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Large corporations seek to invest more in diverse populations. Photo: Pixabay.

The importance of community work for large corporations in the U.S.

A talk from the 30th Annual HACR Symposium that highlights the work of these organizations to involve communities more in their processes.

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Exploring the strategic importance of adding to corporate initiatives of Diversity, Equity and Inclusion (DE&I) the participation of the communities they serve, the presentation "Creating Shared Value by Strengthening Corporate Community Impact" offered an updated overview of the work that important companies with a global reach advance to strengthen relationships with diverse audiences and involve them in their different educational and leadership programs.

From the hand of Melissa Flores, in charge of Community Relations for McDonald's in Chicago; Denise Baek, Vice President of Human Resources for Medtronic; and Lupe De La Cruz, senior director of Government Affairs at PepsiCo, Inc., the talk revolved around what these corporations are doing to work more closely and culturally correct with diverse communities, which are becoming more important every day for company demographics and business strategies.

What Are The Big Corporations Doing In Their DEI-Focused Strategies?

Endorsed by these three renowned corporate leaders, all with multicultural backgrounds and advocates for diversity, equity and inclusion in the workplace and their communities, it is important to highlight their invitation to these diverse groups to raise their voices and begin to direct all the opportunities that large companies are offering them to develop their careers and change the narrative around all the potential and talent that these groups can bring to any organization.

“I have found so much purpose in the work I do at McDonald's, generating growth, not only financially, but also socially in the community I serve. Diversity is good for the company's finances, but it's also good for us, because it helps us attract talent,” said Flores.

For her part, Baek highlighted how Meditronic, an American medical device company, promotes different volunteer initiatives in which company employees offer their time and skills to help others, while having a department dedicated solely to diversity issues.

“Our foundation is always looking for investment areas. We especially have a focus on education for the Hispanic communities,” Baek added.

Likewise, De La Cruz noted the way PepsiCo has assumed its DEI commitments, a journey, as the company calls it, that has evolved from a search for diversity, to a level that tries to expand these actions in a more inclusive and equitable way. 

How Are Communities Benefiting?

Beyond complying with their social responsibility policies, these companies underscore how each of their initiatives is designed, not only to favor their business management, but also to empower these communities to generate a great explosion of talent.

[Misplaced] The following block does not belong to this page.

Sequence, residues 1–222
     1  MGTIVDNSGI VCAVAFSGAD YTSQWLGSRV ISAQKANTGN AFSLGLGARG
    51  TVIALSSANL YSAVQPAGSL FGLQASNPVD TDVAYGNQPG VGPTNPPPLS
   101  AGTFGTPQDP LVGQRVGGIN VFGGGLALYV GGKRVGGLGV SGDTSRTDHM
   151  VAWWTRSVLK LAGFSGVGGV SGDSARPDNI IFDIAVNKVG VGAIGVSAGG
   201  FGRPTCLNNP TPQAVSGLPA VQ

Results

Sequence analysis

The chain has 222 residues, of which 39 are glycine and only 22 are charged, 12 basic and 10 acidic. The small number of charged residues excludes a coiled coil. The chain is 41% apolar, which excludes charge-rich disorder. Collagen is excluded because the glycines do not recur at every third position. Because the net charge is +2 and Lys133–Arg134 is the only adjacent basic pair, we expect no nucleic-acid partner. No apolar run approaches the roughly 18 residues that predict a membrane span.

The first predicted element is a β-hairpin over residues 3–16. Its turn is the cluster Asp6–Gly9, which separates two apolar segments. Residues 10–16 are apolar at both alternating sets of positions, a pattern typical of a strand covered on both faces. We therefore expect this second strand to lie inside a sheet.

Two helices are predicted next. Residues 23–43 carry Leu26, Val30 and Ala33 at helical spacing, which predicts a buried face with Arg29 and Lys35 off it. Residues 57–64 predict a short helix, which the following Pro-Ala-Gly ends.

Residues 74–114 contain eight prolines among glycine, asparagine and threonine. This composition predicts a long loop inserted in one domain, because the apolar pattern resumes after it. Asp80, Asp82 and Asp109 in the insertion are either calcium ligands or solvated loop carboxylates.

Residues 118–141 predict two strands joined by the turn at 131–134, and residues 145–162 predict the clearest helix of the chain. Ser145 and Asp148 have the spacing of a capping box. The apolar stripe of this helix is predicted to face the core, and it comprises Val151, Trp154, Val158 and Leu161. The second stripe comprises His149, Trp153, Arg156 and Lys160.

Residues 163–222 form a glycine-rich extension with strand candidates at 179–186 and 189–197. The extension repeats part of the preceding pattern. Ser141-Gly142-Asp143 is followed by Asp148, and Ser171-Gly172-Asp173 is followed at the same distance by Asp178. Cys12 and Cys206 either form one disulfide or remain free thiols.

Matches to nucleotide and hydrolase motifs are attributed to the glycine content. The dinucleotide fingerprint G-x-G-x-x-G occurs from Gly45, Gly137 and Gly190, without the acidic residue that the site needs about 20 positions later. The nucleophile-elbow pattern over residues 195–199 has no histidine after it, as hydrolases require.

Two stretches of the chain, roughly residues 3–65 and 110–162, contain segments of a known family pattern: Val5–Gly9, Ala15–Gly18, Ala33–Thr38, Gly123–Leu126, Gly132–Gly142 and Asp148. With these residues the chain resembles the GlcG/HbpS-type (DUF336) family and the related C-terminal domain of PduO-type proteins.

“It's satisfying to do a job that impacts communities, locally and globally. I get up every morning full of energy to do this work that generates a positive impact on people and drives them to make a better world,” Flores stressed, emphasizing her important work as a connector between the company and people, and her opportunity to open doors.

Highlighting how as a young woman she received support to achieve her goals, Baek underlined the need to offer and ask for help, especially to resolve those specific doubts that arise along the professional path and when reaching leadership positions.

“We need mentors so we don't abandon our projects. Many Hispanic students enter college, but also many drop out after just one year,” added Baek.

De La Cruz stressed:

It is an obligation to stand out for the effort our parents made, but it is also an obligation, when we enter the meetings, to raise our voices and make room for others like us.

The Moment Of Opportunity

Seeking to take the corporate DEI approach to the next level, the multicultural leaders took the opportunity to mention some currently active programs that were designed to empower diverse communities, both inside and outside companies.

McDonald's sign. Photo: Pixabay.
McDonald's sign. Photo: Pixabay.

These are some of the initiatives of McDonald's:

  • Announced $5 million investment for youth of color
  • Support more than 40 nonprofit organizations that support diverse communities
  • It is supporting education programs and campaigns against violence
  • It has doubled investments in Chicago focused on Hispanic communities

De La Cruz, for his part, stressed the value of data, and how we should take advantage of existing studies and figures to focus aid and DEI efforts on the populations that demand it.

"Investing in the community is different from donating money," concluded De La Cruz, emphasizing how his company takes responsibility for the investments it makes, offering training, resources and spaces for diverse talent to stand out.

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